Law360 (October 16, 2020, 4:28 PM EDT) -- A Pittsburgh-area nursing home can't claim immunity from a housekeeper's COVID-19 wrongful-death suit because a federal law only gives health care providers protection for treatments and protective measures they use, not measures they were allegedly negligent in ignoring, a Pennsylvania federal judge ruled Friday.
Senior U.S. District Judge Arthur J. Schwab said Comprehensive Healthcare Management Services LLC, which runs the Brighton Rehabilitation and Wellness Center in Beaver County, Pennsylvania, couldn't use the federal Public Readiness and Protection Act to claim federal preemption and immunity from a lawsuit the estate of Elizabeth Wiles filed claiming Brighton Rehab had failed to take precautions and prevent staff like her from catching the coronavirus.
"The PREP Act creates immunity for all claims of loss causally connected to the use of covered countermeasures. The allegations asserted by plaintiff in her complaint directly suggest that the decedent died because Brighton failed to use countermeasures," Judge Schwab wrote in his opinion. "Plaintiff's negligence, misrepresentation, wrongful death and survivor claims are not causally connected to Brighton's use of covered countermeasures. Thus, plaintiff's allegations do not fall within the purview of the PREP Act."
Judge Schwab granted a motion by Vanessa Sherod, representing Wiles' estate, to remand the case from federal court to the Allegheny County Court of Common Pleas, where it had originally been filed in July.
According to the lawsuit, Brighton Rehab failed to take sufficient steps to prevent the spread of the coronavirus among patients and staff, didn't provide protective equipment and downplayed the severity of the virus even as it spread through the facility. By June, Brighton Rehab had 368 patients who tested positive for the disease, 108 positive staff members and 80 deaths linked to the outbreak, the suit said.
Wiles, a 69-year-old cancer survivor under a contract as a housekeeper at the facility, allegedly raised concerns with her employers that she was vulnerable to the virus, but was told to keep coming to work. She contracted the disease and died May 10.
Brighton removed the case to federal court in August, claiming the complaint, at its heart, is about how the facility used protective equipment, which brought it under the federal PREP Act and the jurisdiction of the federal court.
Under the PREP Act, a "covered person" can be immune from claims under federal and state law for losses related to the use of countermeasures during a declared public health emergency, the opinion said. Brighton had pointed to a letter from Robert Charrow, general counsel for the Secretary of Department of Health and Human Services, saying that nursing homes were "covered persons" in its argument that it was immune under the act and that the estate's claims should be preempted.
But Judge Schwab disagreed, ruling that the estate's claims fell outside the PREP Act because they related to the facility's alleged failure to use countermeasures.
"This court finds that because plaintiff's complaint alleges that Brighton failed to provide decedent with any protection/countermeasures, plaintiff's claims fall outside the purview of the PREP Act which purports to provide immunity to facilities like Brighton when a claim is brought against them for the countermeasures the facility actually utilized," he wrote.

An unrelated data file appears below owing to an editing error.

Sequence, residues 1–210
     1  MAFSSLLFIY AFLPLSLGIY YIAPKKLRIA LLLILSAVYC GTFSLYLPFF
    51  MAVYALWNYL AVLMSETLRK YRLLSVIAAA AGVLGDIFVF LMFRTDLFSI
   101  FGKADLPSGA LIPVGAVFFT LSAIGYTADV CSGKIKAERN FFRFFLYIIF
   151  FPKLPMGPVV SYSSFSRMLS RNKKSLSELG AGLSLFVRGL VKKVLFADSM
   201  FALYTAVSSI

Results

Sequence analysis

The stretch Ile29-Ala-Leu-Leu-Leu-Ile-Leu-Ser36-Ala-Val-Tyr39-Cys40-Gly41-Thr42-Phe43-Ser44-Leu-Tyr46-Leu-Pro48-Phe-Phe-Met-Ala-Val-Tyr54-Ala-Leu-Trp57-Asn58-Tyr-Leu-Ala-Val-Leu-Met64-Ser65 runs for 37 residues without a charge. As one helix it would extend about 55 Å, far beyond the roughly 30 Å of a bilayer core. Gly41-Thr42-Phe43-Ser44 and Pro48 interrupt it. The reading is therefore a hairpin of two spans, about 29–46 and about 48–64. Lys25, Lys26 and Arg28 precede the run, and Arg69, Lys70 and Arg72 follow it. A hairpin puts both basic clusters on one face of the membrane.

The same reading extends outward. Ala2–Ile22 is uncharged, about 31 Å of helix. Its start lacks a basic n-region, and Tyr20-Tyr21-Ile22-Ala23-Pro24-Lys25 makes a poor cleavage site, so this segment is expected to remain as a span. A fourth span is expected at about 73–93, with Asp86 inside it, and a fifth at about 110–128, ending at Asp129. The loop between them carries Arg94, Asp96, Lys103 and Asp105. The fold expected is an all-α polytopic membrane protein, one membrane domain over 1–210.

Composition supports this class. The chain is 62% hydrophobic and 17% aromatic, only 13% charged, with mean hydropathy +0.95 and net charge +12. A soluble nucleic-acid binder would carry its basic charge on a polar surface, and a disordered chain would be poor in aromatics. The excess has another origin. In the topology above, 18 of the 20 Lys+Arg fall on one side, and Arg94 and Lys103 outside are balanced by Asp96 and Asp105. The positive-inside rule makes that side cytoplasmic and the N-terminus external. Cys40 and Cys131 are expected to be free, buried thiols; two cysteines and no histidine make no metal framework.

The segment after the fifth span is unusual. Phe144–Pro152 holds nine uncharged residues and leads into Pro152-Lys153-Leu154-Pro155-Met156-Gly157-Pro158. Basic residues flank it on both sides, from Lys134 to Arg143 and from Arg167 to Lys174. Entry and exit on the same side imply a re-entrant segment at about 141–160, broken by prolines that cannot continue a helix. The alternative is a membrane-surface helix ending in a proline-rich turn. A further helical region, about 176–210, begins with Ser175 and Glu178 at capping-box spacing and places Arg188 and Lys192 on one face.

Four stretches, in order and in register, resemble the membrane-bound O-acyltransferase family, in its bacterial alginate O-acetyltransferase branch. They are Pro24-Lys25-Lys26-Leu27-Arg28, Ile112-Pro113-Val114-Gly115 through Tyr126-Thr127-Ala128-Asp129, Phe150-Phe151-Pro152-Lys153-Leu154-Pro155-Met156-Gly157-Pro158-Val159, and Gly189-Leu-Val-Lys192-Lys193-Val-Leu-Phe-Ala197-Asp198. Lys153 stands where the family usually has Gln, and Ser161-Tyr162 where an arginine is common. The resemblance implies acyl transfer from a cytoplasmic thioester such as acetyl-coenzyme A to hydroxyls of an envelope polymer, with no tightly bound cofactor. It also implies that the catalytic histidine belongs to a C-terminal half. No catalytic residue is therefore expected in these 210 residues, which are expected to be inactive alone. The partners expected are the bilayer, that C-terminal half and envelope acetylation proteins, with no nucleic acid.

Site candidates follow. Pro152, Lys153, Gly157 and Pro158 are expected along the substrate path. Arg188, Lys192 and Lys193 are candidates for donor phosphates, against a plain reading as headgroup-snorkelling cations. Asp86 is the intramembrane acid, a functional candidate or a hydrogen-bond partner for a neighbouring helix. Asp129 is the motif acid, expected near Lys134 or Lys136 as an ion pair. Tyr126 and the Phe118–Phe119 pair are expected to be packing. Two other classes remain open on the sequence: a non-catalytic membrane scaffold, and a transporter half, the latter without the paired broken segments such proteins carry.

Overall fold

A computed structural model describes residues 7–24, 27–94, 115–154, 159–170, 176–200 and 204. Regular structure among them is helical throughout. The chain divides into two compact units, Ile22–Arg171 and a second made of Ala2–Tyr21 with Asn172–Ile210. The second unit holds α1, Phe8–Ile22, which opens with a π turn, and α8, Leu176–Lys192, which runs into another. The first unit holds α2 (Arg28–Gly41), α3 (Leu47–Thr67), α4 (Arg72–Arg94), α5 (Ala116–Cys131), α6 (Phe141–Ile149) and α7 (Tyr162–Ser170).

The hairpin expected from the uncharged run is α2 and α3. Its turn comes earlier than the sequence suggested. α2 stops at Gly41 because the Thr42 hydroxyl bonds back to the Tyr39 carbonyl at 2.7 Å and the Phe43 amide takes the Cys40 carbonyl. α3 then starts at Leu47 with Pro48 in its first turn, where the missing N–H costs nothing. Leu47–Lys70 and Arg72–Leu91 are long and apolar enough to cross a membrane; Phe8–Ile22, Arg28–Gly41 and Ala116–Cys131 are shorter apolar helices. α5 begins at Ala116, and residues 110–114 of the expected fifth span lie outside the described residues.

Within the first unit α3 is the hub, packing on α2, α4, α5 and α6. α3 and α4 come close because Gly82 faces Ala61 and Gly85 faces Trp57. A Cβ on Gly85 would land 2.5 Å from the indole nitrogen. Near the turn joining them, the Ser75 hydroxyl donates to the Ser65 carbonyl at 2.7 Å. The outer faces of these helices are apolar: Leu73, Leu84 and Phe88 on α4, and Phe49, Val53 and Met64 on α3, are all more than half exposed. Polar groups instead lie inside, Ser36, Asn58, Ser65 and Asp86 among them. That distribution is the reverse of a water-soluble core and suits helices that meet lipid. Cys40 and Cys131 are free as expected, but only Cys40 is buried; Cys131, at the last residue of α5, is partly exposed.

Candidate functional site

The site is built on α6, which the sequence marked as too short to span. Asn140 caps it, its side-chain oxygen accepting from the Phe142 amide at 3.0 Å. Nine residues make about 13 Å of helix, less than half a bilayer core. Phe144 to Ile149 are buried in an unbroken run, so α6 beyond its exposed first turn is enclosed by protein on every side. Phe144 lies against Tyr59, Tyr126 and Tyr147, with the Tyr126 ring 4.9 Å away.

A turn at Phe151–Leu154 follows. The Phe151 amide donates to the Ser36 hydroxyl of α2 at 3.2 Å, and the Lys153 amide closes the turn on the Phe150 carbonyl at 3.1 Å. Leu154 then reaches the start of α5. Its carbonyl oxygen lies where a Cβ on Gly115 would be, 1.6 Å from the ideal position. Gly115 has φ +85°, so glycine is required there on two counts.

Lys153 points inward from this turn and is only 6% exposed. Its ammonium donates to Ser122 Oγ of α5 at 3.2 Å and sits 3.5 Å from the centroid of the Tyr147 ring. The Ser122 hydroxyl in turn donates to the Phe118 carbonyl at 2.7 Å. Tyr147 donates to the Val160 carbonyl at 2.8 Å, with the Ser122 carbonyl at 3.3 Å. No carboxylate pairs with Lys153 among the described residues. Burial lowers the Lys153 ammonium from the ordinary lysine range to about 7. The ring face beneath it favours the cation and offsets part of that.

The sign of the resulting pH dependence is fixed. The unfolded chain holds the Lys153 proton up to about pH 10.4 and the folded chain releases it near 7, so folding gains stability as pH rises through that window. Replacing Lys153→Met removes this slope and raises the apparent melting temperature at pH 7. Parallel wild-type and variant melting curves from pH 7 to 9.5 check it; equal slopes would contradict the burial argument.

He cited the New York Superior Court's 2014 ruling in Casablanca v. Mount Sinai Medical Center , which noted that while the law covered the hospital's use of an H1N1 flu vaccine, it didn't preempt a lawsuit related to a patient who wasn't given the vaccine and died of H1N1 as a result.
"We are pleased with Judge Schwab's timely analysis rejecting federal jurisdiction, and look forward to prosecuting the case on its merits in the Allegheny County Court of Common Pleas," said David Kwass of Saltz Mongeluzzi & Bendesky PC, one of the attorneys representing the estate.
Counsel for Brighton Rehab and the housekeeping contractor, Healthcare Services Group, did not immediately respond to requests for comment. But they filed a motion later Friday asking the court to stay remand so the judge could also address another part of Brighton's petition for removal.
That part had claimed the nursing home was acting as a "federal officer" under guidance from the Centers for Medicare and Medicaid Services and the Centers for Disease Control and Prevention, which, early in the pandemic, advised that facilities preserve protective gear and said that authorities would not cite them for shortages outside of the facilities' control.
"The memorandum opinion only addressed defendant's arguments for removal under the PREP Act, and did not address or issue a ruling on defendant's removal pursuant to the federal officer removal statute, which provides an independent basis for federal jurisdiction," the request for a stay said.
Sherod and Wiles' estate are represented by Robert J. Mongeluzzi, David L. Kwass and Elizabeth A. Bailey of Saltz Mongeluzzi & Bendesky PC.
Brighton and its associated companies and executives are represented by Andrew G. Kimball and Erica Kelly Curren of Gordon & Rees LLP.
Healthcare Services Group and its associated companies are represented by Jennifer M. Swistak of Cipriani & Werner PC.
The case is Sherod v. Comprehensive Healthcare Management Services Inc. et al., case number 2:20-cv-01198, in the U.S. District Court for the Western District of Pennsylvania, and case number GD-20-007319, in the Court of Common Pleas of Allegheny County, Pennsylvania.
--Editing by Jack Karp.
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